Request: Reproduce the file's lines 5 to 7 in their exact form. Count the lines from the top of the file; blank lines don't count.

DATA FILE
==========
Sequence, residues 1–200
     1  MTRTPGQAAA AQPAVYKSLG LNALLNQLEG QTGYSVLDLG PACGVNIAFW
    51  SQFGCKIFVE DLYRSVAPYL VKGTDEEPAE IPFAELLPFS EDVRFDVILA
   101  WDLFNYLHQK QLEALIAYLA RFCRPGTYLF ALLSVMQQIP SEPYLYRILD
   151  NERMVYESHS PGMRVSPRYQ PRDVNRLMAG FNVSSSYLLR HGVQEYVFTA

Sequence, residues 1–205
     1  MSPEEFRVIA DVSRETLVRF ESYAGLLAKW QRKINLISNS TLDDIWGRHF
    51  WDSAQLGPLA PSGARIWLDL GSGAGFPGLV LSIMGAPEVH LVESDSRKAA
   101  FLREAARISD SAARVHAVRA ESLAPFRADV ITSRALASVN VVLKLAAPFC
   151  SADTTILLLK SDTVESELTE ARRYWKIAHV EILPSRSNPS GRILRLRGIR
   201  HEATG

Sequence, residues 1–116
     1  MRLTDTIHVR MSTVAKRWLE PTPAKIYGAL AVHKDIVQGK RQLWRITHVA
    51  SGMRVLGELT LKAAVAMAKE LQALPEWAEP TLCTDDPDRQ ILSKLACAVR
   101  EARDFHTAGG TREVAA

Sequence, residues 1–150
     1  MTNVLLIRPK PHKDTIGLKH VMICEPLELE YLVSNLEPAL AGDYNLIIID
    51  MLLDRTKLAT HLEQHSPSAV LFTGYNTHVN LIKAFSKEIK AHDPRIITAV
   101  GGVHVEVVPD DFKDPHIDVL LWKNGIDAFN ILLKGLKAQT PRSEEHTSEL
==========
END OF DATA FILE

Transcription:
   151  NERMVYESHS PGMRVSPRYQ PRDVNRLMAG FNVSSSYLLR HGVQEYVFTA

Sequence, residues 1–205
     1  MSPEEFRVIA DVSRETLVRF ESYAGLLAKW QRKINLISNS TLDDIWGRHF